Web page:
(April 21): Virgin Australia Holdings Ltd. became the nation’s biggest corporate casualty of the coronavirus, calling in administrators after the outbreak deprived the debt-burdened airline of almost all income.
Deloitte will take control of the company, the Brisbane-based airline said in a statement Tuesday. The administrators will be tasked with finding new investors to inject capital, reorganizing borrowings or getting a buyer in an attempt to save the business.
“We have commenced a process of seeking interest from parties for participation in the recapitalization of the business and its future, and there have been several expressions of interest so far,” said Vaughan Strawbridge, who is one of the four administrators at Deloitte.
Virgin Australia joins FlyBe -- the U.K.’s biggest domestic airline before it collapsed last month -- among the industry’s first corporate casualties of the virus. Airlines have been pummeled by domestic and international travel bans that forced them to seek government aid. Virgin Australia had already furloughed 80% of its 10,000-strong workforce.
The fate of Virgin Australia, which had more than A$5 billion ($3.2 billion) in debt as of the end of 2019, hung in the balance after it stopped virtually all services because of the virus and its request for state help failed. The company had asked the government for a A$1.4 billion loan, convertible into equity, to see it through the crisis.
The airline’s Velocity Frequent Flyer program is a separate company and is not in administration, according to the statement Tuesday.
A voluntary administrator is usually appointed by directors after they decide the company is insolvent or nearing insolvency. Virgin Australia had about A$1.1 billion in cash at the end of 2019. The airline is dominated by Qantas Airways Ltd. in essentially a two-player market in Australia and hasn’t made an annual profit for seven years.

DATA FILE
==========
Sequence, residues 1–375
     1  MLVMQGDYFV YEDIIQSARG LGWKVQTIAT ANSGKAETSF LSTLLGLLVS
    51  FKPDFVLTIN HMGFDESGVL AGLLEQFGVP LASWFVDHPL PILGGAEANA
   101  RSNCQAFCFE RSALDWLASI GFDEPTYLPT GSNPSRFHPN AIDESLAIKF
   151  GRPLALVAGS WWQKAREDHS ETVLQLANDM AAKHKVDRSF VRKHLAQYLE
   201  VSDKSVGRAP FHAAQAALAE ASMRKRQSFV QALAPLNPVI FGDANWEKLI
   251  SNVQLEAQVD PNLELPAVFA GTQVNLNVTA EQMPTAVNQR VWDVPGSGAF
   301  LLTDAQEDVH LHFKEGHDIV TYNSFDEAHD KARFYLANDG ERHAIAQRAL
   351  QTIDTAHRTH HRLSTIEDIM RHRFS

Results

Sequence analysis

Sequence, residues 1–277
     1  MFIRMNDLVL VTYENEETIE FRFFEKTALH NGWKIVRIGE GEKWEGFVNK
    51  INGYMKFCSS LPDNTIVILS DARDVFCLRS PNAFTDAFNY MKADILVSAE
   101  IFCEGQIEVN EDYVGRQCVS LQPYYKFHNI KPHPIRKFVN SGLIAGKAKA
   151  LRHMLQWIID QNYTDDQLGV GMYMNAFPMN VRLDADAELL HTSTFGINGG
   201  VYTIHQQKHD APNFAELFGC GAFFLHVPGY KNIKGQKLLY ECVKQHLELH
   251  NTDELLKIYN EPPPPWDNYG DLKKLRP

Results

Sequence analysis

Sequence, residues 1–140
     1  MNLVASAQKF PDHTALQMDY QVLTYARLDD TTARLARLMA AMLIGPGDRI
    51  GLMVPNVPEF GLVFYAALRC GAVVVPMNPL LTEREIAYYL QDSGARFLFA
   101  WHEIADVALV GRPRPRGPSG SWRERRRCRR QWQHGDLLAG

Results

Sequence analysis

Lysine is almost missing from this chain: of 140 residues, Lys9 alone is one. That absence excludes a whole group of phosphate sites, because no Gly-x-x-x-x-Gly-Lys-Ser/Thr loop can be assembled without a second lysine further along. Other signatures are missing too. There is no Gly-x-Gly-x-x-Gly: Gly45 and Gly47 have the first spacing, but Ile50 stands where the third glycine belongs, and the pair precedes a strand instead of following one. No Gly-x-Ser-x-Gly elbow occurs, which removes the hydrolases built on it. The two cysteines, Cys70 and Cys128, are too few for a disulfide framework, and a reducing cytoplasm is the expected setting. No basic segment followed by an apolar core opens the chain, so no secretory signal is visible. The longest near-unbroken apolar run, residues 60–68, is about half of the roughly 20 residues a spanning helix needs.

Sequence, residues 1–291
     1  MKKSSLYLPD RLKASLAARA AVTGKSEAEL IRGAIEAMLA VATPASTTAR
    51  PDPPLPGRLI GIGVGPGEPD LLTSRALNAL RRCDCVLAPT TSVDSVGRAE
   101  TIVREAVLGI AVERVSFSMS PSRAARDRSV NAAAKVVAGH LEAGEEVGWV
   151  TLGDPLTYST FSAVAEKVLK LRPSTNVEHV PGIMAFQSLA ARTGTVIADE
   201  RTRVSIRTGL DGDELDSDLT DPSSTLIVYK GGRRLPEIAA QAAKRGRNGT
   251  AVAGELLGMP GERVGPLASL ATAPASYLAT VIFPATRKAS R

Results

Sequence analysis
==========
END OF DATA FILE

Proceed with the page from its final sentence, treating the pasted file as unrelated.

Virgin Australia’s fight for survival triggered an ugly feud with its larger domestic rival. Qantas argued Virgin shouldn’t be rewarded with a bailout, while Virgin accused Qantas of spreading false rumors about its ebbing cash position -- allegations denied by Qantas.
At least two buyout groups were preparing to take over Virgin Australia, the Australian Financial Review reported last week.
Globally, airlines may lose out on $314 billion in ticket sales this year because of the virus, according to the International Air Transport Association.
While governments in the U.S. and across Europe have stepped in with support, or said they intend to, the Australian government baulked at potentially owning a stake in a money-losing domestic airline. Ministers repeatedly said their goal is to have two competing airlines in Australia, though stopped short of singling out Virgin Australia for any special help.
Almost entirely owned by foreign airlines, Virgin Australia is a unique experiment in global aviation. Singapore Airlines Ltd., Etihad Airways PJSC, HNA Group Co. and Nanshan Group Co. each own about 20% of the company. The Australian government said Virgin Australia’s shareholders should be their first source of financial aid.
Virgin Australia’s stock was suspended earlier this month while restructuring talks continued. The shares last traded at less than 9 Australian cents apiece on April 4, valuing the company at A$726 million.
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